Aridity preferences alter the relative importance of abiotic and biotic drivers on plant species abundance in global drylands

Miguel Berdugo*, Fernando T. Maestre, Sonia Kéfi, Nicolas Gross, Yoann Le Bagousse-Pinguet, Santiago Soliveres

*Corresponding author for this work

Research output: Contribution to journalArticlepeer-review

56 Scopus citations


Disentangling the interplay between species-specific environmental preferences and micro- and macroscale determinants of species abundance within plant communities remains challenging. Most existing studies addressing this issue either lack empirical data regarding species interactions and local abundances or cover a narrow range of environmental conditions. We merged species distribution models and local spatial patterns to investigate the relative importance of key macro- (aridity) and micro(facilitation and competition)scale determinants of plant species abundance along aridity gradients in drylands world-wide. We used information derived from the environmental niches of species to evaluate how species-specific aridity preferences modulate the importance of such factors to drive species relative abundance. Facilitation and aridity preferences were more important than competition to explain species local abundances in global drylands. The specialization of communities (i.e. their compositional shifts from species with a large range of aridity preferences towards only aridity specialists) also modulated the effect of aridity and plant–plant interactions on species abundances. The importance of facilitation to drive species abundances decreased with aridity, as species preferred arid conditions and did not need neighbours to thrive. Instead, competition showed stronger relationships with species abundances under high levels of aridity. As composition became dominated by aridity specialists, the importance of aridity in shaping dryland plant communities did not increase further from moderate to high aridity levels. Synthesis. Our results showed that: (a) the degree of community specialization to aridity mediates the relative importance of plant–plant interactions in determining species abundances and (b) facilitation and competition were more strongly related to species abundance in communities dominated by generalists and specialists, respectively. We observed a shift from facilitation to competition as drivers of species abundances as aridity increases in global drylands. Our findings also pave the way to develop more robust predictions about the consequences of ongoing climate change on the assemblage of plant communities in drylands, the largest terrestrial biome.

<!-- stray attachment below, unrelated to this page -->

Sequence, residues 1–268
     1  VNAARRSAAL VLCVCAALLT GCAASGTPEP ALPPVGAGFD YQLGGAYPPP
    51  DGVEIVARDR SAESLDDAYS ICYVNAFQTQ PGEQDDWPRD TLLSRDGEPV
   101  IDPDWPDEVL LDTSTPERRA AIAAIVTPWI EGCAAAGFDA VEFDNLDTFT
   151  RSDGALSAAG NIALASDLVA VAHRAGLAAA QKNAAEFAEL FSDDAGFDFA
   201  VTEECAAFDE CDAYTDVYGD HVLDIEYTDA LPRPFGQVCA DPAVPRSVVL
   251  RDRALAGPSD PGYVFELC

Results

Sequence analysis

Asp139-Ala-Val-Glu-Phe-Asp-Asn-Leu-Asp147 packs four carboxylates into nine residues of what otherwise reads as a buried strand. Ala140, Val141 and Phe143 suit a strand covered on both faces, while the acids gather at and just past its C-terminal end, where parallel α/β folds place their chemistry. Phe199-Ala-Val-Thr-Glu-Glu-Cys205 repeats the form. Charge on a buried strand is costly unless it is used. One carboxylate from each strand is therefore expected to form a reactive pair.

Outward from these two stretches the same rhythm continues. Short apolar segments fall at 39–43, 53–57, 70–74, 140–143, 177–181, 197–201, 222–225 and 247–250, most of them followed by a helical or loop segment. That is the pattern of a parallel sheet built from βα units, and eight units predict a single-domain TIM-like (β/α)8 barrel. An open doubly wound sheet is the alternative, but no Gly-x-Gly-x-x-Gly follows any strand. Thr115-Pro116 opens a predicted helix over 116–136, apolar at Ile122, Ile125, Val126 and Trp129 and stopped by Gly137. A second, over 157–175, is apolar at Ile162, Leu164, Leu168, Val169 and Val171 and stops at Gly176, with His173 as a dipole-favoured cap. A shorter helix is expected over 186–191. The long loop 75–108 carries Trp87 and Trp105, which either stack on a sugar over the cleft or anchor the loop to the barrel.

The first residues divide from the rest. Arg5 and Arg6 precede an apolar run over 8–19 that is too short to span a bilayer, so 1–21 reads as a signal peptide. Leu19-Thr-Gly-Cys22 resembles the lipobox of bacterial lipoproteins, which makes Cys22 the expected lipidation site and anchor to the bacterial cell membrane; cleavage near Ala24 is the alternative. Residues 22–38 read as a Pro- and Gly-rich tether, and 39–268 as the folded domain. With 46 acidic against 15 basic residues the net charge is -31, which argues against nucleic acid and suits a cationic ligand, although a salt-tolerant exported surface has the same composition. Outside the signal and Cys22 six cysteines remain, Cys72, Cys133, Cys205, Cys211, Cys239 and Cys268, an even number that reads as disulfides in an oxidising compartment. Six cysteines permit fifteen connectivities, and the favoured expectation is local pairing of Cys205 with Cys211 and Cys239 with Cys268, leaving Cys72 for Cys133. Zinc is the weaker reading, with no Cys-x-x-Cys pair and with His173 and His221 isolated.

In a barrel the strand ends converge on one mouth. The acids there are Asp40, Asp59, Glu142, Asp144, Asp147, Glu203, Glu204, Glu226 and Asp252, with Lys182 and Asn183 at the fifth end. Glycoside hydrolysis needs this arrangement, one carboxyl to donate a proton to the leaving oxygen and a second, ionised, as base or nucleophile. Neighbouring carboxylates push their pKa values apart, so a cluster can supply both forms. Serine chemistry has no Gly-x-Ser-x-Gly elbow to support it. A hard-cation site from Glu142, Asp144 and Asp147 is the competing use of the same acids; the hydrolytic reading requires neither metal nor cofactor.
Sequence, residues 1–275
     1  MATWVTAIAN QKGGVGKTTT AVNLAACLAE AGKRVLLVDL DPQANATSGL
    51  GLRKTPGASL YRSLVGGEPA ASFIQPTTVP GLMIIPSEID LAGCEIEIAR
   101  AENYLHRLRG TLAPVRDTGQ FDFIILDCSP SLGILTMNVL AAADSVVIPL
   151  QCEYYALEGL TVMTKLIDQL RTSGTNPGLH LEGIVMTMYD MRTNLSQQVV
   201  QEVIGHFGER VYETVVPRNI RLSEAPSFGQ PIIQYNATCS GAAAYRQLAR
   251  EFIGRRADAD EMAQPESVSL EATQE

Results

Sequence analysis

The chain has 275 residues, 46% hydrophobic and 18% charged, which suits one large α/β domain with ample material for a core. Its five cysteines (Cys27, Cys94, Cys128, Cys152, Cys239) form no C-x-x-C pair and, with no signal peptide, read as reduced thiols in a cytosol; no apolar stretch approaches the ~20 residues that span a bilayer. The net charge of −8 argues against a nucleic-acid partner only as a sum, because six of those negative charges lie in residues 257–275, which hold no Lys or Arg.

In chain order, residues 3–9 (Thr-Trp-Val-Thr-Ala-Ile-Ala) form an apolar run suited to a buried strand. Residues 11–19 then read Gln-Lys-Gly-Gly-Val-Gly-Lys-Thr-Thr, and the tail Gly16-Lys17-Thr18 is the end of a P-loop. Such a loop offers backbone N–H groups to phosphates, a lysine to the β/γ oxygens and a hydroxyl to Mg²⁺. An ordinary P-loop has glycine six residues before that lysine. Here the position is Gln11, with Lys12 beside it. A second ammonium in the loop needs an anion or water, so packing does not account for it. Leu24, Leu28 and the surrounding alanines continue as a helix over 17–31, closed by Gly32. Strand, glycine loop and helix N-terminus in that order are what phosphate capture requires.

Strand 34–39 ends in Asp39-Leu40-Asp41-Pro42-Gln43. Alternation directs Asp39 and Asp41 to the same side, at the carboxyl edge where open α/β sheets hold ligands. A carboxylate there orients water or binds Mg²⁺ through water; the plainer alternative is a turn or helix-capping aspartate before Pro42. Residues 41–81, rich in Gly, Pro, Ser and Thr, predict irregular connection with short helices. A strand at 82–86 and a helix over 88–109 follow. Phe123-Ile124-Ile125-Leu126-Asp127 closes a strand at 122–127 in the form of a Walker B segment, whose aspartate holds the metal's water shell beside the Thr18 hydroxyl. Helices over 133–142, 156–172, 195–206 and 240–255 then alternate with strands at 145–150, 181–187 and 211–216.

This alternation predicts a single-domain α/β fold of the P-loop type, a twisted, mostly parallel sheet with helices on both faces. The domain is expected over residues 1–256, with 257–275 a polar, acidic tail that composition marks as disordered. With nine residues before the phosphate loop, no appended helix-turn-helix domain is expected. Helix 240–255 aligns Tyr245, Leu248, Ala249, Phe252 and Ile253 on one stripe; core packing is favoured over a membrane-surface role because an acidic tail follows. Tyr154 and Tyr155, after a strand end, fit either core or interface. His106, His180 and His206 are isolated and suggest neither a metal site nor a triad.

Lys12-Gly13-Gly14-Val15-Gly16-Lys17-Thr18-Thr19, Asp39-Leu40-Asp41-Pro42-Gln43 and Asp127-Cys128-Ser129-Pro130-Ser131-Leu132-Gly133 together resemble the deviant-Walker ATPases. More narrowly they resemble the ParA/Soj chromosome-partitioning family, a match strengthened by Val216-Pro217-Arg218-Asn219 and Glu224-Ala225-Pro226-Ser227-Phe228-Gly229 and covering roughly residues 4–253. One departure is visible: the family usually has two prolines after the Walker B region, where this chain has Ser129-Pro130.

Original languageEnglish (US)
Pages (from-to)190-202
Number of pages13
JournalJournal of Ecology
Issue number1
StatePublished - Jan 2019


  • community assembly drivers
  • competition
  • drylands
  • facilitation
  • niches
  • plant community diversity and structure
  • specialization

ASJC Scopus subject areas

  • Ecology, Evolution, Behavior and Systematics
  • Ecology
  • Plant Science


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